Published on February 11th, 2011 | by Padraic Coffey


Gary Moore – Profile

This article was originally published in the Sunday Independent on 11th February 2011.

Gary Moore, who died last Sunday, aged 58, bequeathed one of the most prolific and versatile collected works of any musician from the island of Ireland in the last few decades. Born in Belfast, Moore moved to Dublin aged 16, where he forged what would prove the most memorable on-off collaborative partnership of his career with Phil Lynott, tragically curtailed by Lynott’s death in 1986.

Cutting his teeth with Brush Shiels and Skid Row in the late Sixties, Moore would later auction the band’s trademarked name to an American heavy metal group for €35,000, much to Shiels’ chagrin.

In Dublin, he was mentored for a while by Fleetwood Mac guitarist Peter Green (when Green left Fleetwood Mac he gave Moore his 1959 Les Paul Standard guitar) before he linked up for the first time with Phil Lynott and Skid Row.

Although Lynott left after a few months to launch Thin Lizzy, Skid Row continued as a three-piece with Brush Shiels (bass) and Noel Bridgeman (drums).

The trio moved to London and made two albums, Skid (1970) and 34 Hours (1971). When Skid Row split, Moore fronted the Gary Moore Band, releasing the album Grinding Stone (1973), before answering a call from Lynott to help out Thin Lizzy following the departure of guitarist Eric Bell.

His natural, soulful style earned him widespread respect across a variety of genres. He was that rare rock star who gloried in different styles, equally adept at folk, jazz, country as well as blues and heavy metal. “Music,” he said, “just flows through me.” This eclecticism was reflected in his playing.

Moore contributed three separate stints as guitarist in Lynott’s Thin Lizzy. Lynott, in return, provided lead vocals for Moore’s signature solo hit, Parisienne Walkways, which reached the Top 10 in the UK singles charts in 1978.

He played a key role on one of Lizzy’s most successful albums: Black Rose: A Rock Legend (1979). It included the single Sarah, co-written by Lynott and Moore.

Moore admitted to partying hard throughout the Seventies, but by the mid-Eighties he had discarded such excesses, unlike Lynott, whose heroin and drink-fuelled habits would ultimately lead to his downfall.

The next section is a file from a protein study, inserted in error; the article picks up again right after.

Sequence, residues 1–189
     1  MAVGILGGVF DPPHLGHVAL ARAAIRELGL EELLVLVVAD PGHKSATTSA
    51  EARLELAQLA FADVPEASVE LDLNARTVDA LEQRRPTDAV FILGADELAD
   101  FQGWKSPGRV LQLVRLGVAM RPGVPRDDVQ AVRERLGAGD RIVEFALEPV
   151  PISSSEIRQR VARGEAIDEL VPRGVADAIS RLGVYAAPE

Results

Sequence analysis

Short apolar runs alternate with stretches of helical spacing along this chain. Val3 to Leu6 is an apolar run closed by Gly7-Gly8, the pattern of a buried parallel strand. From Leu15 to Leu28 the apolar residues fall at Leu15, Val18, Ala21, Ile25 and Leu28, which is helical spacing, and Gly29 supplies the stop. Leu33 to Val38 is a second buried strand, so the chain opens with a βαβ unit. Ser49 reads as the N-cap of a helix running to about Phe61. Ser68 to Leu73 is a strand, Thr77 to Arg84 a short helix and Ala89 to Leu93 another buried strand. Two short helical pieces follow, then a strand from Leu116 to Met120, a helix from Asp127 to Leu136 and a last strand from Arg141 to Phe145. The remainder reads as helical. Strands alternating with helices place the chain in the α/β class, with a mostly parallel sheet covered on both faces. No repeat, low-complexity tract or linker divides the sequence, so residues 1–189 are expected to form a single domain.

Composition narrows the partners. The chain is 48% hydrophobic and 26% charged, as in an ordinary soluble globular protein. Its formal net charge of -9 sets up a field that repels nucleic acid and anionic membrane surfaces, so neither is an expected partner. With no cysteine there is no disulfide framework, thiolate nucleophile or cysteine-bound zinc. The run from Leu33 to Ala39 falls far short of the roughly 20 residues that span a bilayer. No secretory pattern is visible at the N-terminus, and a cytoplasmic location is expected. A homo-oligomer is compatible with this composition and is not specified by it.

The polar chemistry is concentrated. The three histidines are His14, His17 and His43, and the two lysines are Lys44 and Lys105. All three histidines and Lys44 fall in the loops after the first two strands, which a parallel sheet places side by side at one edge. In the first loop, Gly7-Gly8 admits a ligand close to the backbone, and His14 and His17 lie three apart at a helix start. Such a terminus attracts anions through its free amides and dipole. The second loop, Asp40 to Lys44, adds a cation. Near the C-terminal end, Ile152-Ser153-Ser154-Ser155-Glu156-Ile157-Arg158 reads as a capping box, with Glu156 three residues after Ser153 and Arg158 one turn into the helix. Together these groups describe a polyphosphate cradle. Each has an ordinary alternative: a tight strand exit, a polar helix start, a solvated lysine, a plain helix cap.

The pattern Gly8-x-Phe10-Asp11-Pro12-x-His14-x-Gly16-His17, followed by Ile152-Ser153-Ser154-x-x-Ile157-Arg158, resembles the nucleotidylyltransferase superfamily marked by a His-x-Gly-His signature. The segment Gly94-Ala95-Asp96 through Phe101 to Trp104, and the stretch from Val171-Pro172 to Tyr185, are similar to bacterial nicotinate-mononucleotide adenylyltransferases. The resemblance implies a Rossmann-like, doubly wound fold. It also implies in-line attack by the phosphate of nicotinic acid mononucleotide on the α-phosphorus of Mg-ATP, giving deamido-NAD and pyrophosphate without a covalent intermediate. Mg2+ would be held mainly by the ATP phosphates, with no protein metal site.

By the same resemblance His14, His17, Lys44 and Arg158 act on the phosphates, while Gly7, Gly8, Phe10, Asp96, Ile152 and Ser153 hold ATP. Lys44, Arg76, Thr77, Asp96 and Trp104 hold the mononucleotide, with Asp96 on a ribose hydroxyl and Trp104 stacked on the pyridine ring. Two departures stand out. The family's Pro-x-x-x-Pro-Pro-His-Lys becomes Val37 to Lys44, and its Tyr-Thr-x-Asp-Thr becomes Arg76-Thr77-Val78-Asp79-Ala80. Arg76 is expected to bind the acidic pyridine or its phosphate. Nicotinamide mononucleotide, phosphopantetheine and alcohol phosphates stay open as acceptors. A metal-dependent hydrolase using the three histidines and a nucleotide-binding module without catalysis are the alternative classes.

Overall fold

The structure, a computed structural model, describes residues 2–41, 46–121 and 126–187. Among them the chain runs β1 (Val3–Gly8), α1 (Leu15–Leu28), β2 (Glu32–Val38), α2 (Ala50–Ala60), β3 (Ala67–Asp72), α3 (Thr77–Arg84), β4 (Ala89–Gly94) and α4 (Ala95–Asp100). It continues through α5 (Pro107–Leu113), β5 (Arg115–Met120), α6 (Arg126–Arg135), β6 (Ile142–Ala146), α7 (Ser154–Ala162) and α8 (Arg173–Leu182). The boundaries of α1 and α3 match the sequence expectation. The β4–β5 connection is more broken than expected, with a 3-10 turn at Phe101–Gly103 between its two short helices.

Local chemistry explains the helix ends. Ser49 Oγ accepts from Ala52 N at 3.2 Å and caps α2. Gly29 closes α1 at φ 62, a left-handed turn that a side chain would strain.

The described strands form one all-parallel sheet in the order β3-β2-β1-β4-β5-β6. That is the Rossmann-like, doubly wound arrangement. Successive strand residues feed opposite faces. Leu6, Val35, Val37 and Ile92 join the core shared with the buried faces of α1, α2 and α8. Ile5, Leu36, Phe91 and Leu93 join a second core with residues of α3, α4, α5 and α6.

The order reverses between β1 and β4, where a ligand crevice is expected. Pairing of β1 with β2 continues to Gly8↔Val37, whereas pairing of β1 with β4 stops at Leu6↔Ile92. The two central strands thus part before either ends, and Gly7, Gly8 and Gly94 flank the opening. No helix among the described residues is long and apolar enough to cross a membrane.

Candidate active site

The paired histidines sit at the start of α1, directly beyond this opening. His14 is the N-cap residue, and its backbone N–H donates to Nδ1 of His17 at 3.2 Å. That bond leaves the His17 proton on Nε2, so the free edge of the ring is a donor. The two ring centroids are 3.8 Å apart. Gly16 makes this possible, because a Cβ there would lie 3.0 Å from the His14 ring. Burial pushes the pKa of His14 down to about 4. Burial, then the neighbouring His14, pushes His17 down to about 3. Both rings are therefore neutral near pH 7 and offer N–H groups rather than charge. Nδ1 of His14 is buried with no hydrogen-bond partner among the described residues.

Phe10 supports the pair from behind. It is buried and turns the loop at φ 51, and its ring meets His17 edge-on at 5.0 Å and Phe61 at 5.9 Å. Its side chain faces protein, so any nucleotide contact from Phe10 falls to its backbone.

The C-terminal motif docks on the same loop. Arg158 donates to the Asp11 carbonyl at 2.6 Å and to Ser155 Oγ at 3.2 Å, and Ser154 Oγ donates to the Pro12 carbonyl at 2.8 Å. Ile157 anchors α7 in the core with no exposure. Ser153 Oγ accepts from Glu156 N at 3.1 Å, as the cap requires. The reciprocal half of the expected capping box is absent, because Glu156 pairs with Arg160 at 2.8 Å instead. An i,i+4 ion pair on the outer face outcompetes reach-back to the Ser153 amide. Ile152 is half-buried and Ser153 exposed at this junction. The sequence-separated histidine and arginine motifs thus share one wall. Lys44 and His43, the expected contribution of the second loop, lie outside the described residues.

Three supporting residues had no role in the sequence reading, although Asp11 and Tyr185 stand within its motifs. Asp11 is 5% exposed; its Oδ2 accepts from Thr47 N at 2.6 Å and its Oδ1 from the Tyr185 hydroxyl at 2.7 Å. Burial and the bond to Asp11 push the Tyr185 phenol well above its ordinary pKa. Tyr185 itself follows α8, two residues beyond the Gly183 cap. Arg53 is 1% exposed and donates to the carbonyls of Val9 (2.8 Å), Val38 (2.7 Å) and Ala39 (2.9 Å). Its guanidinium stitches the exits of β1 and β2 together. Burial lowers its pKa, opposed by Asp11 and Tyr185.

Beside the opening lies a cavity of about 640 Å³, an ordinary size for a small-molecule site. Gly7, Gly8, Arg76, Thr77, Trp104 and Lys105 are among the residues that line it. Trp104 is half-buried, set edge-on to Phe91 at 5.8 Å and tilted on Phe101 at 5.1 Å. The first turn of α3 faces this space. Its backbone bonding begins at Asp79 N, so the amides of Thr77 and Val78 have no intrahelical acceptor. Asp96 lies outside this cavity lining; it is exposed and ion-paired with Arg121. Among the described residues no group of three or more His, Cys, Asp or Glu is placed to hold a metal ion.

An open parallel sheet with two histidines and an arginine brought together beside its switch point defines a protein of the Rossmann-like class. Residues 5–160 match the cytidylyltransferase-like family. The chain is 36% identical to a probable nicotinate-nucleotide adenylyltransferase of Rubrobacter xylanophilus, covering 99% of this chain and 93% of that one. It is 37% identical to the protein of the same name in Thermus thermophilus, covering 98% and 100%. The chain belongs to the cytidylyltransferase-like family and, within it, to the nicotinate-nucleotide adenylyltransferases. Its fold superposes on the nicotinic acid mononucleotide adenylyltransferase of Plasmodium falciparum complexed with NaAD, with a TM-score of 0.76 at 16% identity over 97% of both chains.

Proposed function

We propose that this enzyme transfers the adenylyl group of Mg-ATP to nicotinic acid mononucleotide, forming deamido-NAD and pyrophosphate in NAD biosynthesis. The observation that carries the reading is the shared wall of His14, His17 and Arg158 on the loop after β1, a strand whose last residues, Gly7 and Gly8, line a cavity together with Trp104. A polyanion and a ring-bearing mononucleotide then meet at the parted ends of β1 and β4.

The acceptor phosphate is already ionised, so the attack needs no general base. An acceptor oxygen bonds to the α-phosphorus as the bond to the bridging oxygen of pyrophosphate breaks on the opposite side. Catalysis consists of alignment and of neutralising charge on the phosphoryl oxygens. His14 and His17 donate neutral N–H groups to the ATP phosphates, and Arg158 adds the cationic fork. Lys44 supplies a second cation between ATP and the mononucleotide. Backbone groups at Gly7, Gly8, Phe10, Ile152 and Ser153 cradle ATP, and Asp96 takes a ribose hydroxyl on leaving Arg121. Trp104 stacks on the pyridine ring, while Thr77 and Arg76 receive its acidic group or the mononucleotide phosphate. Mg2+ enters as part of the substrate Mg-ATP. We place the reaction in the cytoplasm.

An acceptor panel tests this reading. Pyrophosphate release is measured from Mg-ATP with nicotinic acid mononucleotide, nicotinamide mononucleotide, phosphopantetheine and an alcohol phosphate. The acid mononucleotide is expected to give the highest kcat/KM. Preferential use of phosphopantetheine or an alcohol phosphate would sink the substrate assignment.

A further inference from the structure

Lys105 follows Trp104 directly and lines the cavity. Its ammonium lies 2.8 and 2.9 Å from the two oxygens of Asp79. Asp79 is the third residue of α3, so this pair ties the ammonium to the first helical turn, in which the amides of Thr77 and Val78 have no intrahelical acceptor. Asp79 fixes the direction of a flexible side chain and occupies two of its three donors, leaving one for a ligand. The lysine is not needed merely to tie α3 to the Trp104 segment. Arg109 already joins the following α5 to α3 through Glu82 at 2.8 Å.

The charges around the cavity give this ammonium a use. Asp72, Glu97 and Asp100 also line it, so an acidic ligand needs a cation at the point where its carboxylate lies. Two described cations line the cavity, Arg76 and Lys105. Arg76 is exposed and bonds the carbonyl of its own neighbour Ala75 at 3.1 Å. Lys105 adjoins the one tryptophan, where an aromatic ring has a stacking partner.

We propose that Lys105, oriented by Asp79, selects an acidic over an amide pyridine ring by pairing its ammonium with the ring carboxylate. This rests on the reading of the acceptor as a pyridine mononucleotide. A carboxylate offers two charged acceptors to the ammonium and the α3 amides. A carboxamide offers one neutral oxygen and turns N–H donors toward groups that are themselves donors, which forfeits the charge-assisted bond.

Moore attempted to intervene on Lynott’s behalf, sadly to no avail: “Once when he was in bed in Brussels I said, ‘Don’t you wanna see your kids grow up?’ He said, ‘Thanks, yeah’, but nothing changed.”

By 1986, Lynott was dead.

Moore was known primarily as a hard-rock guitarist throughout the Seventies and Eighties. Of his son, Moore’s father Bobby said, “he didn’t do it through any gimmicks. He did it through sheer ability, and anything he has recorded he can stand up on that stage and do.” While rarely holding back on his talent in studio recordings, he would often attempt to surpass them live by performing, for several minutes at a time, unaccompanied guitar solos, a flurry of lightning-fast notes. This absolute technical mastery had been honed from the age of eight, when he first picked up the instrument.

In 1990, he swapped his Fender Stratocaster for a Gibson Les Paul, and returned to his more melodic origins with Still Got the Blues. Moore’s unusual approach to guitar playing — being naturally left-handed but playing a right-handed guitar — gave him particular strength in string-bending, which he utilised to its full potential on that album’s title track.

His grandstanding in the Eighties invited comparisons with American counterparts such as Eddie Van Halen, but Moore’s work remained rooted in a distinctly European feel.

“A lot of the so-called rock bands over here just copy American bands and it makes them sound stupid in the end,” he said. As well as blues, heavy metal, jazz and folk, Moore dabbled in Celtic rock, as demonstrated in 1986’s Over the Hills and Far Away.

Though growing up off the overwhelmingly loyalist Upper Newtownards Road, Moore left politics aside.

“I don’t feel it’s fair for me who’s not lived there for so long to start mouthing off about politics in Belfast,” he told an interviewer in 2007. “I left Belfast just before The Troubles started.”

Like fellow Irish-born guitar virtuoso Rory Gallagher, Moore’s career focused entirely on music, rather than the theatrics of rock and roll. “I’d rather have attention for the music than for my scintillating personality or haircut,” he once dryly commented.

He also demonstrated his self-deprecating sense of humour by appearing alongside other guitar greats such as Dire Straits’ Mark Knopfler and Pink Floyd’s David Gilmour in French and Saunders comedy sketch show in 1990.

Besides his many solo albums and work with Thin Lizzy, Moore was a founding member of the jazz fusion group Colosseum II. He also formed BBM, a supergroup with Cream’s Jack Bruce and Ginger Baker, in 1994. Other luminaries he worked with included George Harrison, Andrew Lloyd Webber, The Beach Boys and Ozzy Osbourne.

Moore moved to England in 1970, and despite a tough image that was his legacy from his days with Thin Lizzy, he was a gently-spoken character with few rock star traits who generally shied away from publicity, living quietly in Brighton. He was found dead in his hotel room while holidaying in Spain.

Gary Moore is survived by his partner, Jo, two sons Jack and Gus and two daughters Saoirse and Lily.


About the Author

Padraic Coffey is a freelance writer and film critic who currently lives in Vancouver, Canada. He has written for the Sunday Independent, Ireland's largest circulation newspaper, and Trinity College, Dublin, ranked in the top 100 best universities in the world by the QS World University Rankings in 2014. Additionally, his film criticism has appeared on Volta - Ireland's first VOD website - as well as sites such as Taste of Cinema, Film Jam and Head Stuff.

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